Theologically I began to think about the Holy Spirit as a mother image. She is the little piece of God which enters our hearts and souls and like mothers everywhere, she nags us sometimes to get up and act. Jesus is filled with the Holy Spirit at his baptism and is then able to the work God has set out for him to do in this world. Jesus also tells the disciples in John 14:26, "The Advocate, the Holy Spirit, whom the Father will send in my name, will teach you all things and will remind you of everything I have said to you." Just like "moms" everywhere. Happy Mother's Day
We have waited these last few months with great anticipation for the article about St. Thomas to appear in "Our State" magazine. It arrived in the mail this week and as we all opened to the article, were not disappointed. The photographic art by Lissa Gotwals and the reflection written by Susan Stafford Kelly couldn't help but remind us of what a special place St. Thomas is. For those of us who are members, it is easy to walk into our lovely sanctuary and forget all of those who have gone before; but Ms. Kelly reminds us as she gently walks through our history not only as a congregation but as citizens of our great country.
My reflection on the article is this, how often do I take for granted the beauty that surrounds me? Too often I am afraid to admit. As a newbie here in North Carolina and as the rector at St. Thomas, I feel as if I have never lived anywhere else. It is difficult to describe what makes St. Thomas so delightful, peaceful and indeed soulful. This is the fifth parish I have served and each has had their own personality and life but nothing in my estimation compares to St. Thomas. When pressed to understand what it is, for me it is the scent of the ages as I walk through the doors. The wood, the brick, the whitewashed walls all cause me to pause and reflect on the past, live in the present and look to the future.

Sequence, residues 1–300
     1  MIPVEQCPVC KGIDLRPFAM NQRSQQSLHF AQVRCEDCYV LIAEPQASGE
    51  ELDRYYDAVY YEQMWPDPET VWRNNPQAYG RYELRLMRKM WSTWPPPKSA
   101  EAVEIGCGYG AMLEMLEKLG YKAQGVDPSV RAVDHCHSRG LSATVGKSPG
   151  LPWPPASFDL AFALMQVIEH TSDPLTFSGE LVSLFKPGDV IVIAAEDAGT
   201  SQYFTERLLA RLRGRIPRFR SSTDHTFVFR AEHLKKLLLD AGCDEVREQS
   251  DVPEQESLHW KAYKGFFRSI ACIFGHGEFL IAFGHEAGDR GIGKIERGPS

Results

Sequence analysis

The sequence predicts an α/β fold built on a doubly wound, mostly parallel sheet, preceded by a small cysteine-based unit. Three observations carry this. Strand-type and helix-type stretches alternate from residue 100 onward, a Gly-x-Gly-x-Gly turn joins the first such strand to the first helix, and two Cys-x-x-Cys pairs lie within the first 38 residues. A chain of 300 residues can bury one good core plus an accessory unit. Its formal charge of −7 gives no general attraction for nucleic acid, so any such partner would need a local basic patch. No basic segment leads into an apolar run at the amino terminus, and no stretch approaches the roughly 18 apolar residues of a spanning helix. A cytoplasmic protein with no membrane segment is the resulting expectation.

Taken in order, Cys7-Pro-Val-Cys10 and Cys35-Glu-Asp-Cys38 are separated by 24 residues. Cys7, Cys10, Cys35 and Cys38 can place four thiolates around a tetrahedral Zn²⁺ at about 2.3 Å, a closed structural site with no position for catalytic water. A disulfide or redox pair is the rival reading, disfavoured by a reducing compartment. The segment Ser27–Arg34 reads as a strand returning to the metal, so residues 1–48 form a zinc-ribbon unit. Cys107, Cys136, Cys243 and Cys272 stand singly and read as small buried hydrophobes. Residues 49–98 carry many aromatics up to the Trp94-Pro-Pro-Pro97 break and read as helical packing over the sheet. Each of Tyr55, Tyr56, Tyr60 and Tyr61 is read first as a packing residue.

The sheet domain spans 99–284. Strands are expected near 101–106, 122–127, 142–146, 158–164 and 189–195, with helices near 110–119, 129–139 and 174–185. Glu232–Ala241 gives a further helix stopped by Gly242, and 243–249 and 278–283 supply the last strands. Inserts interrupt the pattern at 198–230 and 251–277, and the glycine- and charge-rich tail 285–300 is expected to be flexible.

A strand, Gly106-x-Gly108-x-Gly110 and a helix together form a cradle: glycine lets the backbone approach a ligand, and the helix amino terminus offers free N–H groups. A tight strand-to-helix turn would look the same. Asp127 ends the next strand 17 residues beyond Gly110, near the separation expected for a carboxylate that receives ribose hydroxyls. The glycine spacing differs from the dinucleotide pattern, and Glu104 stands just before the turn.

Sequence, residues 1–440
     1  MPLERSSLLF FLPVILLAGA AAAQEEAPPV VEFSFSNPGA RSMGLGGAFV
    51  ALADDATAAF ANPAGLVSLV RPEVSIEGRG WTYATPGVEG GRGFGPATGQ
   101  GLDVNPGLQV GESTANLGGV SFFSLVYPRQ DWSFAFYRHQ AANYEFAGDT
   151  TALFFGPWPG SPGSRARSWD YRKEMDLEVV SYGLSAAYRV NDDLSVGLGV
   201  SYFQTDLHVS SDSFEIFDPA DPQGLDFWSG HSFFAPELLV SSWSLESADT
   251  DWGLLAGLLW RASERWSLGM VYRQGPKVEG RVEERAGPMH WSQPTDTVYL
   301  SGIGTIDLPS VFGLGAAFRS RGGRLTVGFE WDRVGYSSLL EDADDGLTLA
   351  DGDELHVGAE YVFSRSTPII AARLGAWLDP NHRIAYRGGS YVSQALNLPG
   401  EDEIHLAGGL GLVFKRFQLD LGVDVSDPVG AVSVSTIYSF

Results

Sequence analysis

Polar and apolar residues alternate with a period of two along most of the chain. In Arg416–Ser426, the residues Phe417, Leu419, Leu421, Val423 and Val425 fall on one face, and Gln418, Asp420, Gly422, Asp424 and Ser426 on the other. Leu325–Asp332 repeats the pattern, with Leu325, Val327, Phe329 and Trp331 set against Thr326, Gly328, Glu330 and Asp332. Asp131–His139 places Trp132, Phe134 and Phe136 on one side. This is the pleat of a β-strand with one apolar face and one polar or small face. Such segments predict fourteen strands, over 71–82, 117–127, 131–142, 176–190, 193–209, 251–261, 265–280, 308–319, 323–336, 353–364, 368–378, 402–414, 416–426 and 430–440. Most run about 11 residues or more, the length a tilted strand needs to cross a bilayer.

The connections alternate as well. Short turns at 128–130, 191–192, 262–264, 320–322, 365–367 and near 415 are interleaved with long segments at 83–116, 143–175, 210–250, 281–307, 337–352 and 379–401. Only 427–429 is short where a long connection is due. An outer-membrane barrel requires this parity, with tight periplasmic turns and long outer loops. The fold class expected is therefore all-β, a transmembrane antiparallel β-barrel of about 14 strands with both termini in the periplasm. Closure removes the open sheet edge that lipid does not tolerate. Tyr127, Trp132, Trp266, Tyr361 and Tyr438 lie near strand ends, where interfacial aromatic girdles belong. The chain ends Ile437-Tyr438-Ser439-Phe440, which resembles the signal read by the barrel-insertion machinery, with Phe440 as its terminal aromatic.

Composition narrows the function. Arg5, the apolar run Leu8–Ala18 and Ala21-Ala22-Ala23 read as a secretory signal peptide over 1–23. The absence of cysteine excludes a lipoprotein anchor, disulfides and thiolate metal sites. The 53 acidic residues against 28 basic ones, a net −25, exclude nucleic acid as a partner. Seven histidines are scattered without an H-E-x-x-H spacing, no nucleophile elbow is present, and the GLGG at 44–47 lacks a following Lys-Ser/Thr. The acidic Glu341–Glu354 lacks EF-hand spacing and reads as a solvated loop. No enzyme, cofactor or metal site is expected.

Was that not what the settlers of the town of Bath did when they constructed the church? Our little parish home was what gave the citizens of the town of Bath a place to gather just as Kelly points out in her reflection. Things I have often taken for granted since my arrival and I will certainly try to not fall into complacency again.
One of my favorite things to do when I enter the sanctuary is to first marvel at our beautiful altar, it's dark wood against the whitewashed walls and to then breathe in the history of this place. My second favorite thing to do is to view our Guest Book and read where the people who have visited are from. Often times my breath is taken away to read someone's name from Italy or the UK and I am humbled to know they have found peace and tranquility in our sanctuary.
In Genesis 28:16-17 Jacob upon awaking from a dream of a ladder extending to heaven and angels ascending and descending says, "The Lord was in this place and I did not know it." When I walk into the church that passage comes to my mind and I hope those who have not always had a good experience of church, and there are many, will walk into our place and know that the Lord is truly in this place. They not only know it but live it and feel it just as those of us who are fortunate to worship at St. Thomas do each and every Sunday. The Lord is truly in this place and we do know it.